_tiered_ test groups exist. Tiered test groups are not component-specific, but rather cover
the significant parts of the entire JDK.
Component-specific tests may miss some unintended consequences of a change, so
other tests should also be run. Again, it might be impractical to run all
tests, and therefore
_tiered_ test groups exist. Tiered test groups are not component-specific, but
rather cover the significant parts of the entire JDK.

Multiple tiers allow balancing test coverage and testing costs. Lower test tiers are supposed to
contain the simpler, quicker and more stable tests. Higher tiers are supposed to contain
progressively more thorough, slower, and sometimes less stable tests, or the tests that require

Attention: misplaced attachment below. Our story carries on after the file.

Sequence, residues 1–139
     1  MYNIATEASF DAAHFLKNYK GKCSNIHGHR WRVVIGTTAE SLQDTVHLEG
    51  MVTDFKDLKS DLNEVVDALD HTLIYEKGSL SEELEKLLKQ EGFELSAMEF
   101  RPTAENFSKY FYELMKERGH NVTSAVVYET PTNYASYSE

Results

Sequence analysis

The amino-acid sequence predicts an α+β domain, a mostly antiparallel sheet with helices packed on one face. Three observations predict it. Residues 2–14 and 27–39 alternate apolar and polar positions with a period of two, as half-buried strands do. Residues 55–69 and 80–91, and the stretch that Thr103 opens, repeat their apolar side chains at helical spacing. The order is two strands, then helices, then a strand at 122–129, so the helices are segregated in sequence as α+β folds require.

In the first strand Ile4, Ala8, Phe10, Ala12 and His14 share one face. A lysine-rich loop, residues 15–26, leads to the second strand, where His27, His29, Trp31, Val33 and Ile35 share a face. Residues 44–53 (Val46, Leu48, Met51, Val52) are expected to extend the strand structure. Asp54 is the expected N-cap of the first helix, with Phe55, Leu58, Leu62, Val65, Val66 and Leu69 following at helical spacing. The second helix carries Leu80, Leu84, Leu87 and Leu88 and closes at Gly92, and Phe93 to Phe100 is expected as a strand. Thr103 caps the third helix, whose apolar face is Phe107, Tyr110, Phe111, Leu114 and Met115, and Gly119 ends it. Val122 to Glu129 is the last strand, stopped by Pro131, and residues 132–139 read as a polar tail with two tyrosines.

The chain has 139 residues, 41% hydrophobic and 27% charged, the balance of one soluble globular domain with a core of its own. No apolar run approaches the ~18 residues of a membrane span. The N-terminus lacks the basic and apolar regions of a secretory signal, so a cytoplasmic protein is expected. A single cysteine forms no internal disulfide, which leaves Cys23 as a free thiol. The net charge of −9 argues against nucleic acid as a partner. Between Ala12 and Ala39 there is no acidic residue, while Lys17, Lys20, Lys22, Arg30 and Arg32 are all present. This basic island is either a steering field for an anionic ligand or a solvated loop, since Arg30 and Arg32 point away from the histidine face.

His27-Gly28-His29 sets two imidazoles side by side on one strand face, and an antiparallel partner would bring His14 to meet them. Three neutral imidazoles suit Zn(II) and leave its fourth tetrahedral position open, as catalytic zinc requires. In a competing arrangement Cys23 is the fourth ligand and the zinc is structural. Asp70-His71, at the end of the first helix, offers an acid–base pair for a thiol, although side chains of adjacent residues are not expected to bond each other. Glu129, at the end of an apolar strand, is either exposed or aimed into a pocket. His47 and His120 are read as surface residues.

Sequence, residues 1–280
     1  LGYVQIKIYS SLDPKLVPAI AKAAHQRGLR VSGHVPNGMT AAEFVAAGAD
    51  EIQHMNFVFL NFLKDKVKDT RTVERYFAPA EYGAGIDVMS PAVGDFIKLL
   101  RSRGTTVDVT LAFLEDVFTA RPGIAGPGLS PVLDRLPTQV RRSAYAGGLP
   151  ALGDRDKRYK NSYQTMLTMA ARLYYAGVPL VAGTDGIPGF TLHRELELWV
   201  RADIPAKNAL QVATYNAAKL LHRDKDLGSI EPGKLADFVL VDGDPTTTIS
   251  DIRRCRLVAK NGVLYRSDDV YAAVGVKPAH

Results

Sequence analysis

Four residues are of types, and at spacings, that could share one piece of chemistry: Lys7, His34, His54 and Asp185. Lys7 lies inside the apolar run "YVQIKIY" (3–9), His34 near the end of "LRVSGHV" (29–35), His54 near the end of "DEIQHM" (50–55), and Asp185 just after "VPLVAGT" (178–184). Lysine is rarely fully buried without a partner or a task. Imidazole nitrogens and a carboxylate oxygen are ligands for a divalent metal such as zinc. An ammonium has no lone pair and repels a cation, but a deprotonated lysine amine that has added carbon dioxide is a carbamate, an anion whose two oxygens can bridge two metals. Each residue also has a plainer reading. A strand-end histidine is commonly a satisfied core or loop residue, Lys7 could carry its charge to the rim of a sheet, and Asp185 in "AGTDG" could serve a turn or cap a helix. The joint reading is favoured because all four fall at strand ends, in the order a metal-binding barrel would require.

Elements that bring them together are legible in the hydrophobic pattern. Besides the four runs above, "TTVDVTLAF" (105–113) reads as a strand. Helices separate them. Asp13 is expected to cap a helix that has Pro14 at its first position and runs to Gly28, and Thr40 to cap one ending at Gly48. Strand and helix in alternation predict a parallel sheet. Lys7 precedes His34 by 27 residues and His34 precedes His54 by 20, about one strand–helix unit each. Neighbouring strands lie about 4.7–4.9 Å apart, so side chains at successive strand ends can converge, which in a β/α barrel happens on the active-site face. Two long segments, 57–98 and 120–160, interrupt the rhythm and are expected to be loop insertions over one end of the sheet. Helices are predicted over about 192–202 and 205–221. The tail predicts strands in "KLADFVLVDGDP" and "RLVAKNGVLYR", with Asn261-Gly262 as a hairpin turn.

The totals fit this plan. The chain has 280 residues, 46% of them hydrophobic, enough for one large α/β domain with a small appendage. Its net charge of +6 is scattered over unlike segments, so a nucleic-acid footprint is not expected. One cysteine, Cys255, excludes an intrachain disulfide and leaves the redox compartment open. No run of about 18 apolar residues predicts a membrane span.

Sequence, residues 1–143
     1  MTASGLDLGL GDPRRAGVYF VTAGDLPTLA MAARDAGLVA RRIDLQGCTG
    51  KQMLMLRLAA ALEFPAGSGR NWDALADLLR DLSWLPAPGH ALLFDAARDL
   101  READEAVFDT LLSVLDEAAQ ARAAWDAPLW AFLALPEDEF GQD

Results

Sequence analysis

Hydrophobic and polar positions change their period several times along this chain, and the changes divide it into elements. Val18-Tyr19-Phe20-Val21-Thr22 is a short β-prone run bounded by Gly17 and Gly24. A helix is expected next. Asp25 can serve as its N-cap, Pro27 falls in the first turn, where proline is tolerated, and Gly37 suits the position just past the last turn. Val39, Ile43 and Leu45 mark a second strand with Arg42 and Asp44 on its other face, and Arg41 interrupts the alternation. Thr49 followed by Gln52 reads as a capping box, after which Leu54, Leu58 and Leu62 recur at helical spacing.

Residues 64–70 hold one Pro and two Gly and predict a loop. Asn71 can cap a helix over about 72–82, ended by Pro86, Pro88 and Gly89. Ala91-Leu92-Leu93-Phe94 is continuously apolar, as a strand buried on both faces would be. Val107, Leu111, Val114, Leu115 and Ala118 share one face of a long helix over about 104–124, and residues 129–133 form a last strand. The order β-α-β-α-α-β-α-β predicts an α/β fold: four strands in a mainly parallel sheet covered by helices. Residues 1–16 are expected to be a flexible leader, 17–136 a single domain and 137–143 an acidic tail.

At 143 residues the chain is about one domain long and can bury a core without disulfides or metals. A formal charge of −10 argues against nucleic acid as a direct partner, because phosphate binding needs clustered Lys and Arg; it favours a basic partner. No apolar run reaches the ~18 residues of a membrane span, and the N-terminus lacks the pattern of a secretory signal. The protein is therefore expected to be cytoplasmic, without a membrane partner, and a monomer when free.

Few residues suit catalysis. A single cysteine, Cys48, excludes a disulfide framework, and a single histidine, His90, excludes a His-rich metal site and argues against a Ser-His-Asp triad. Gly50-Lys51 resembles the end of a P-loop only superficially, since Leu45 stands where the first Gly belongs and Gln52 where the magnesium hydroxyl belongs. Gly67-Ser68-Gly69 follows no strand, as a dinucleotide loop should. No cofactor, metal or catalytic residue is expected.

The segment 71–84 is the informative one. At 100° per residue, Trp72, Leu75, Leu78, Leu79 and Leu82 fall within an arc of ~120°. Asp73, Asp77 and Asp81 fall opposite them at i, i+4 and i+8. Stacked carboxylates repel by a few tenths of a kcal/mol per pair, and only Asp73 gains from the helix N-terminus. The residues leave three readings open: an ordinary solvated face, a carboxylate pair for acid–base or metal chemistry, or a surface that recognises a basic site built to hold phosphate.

special configuration.
Multiple tiers allow balancing test coverage and testing costs. Lower test
tiers are supposed to contain the simpler, quicker and more stable tests.
Higher tiers are supposed to contain progressively more thorough, slower, and
sometimes less stable tests, or the tests that require special
configuration.

Contributors are expected to run the tests for the areas that are changed, and the first N tiers
they can afford to run, but at least tier1.
Contributors are expected to run the tests for the areas that are changed, and
the first N tiers they can afford to run, but at least tier1.

A brief description of the tiered test groups:

- `tier1`: This is the lowest test tier. Multiple developers run these tests every day.
Because of the widespread use, the tests in `tier1` are carefully selected and optimized to run
fast, and to run in the most stable manner. The test failures in `tier1` are usually followed up
on quickly, either with fixes, or adding relevant tests to problem list. GitHub Actions workflows,
if enabled, run `tier1` tests.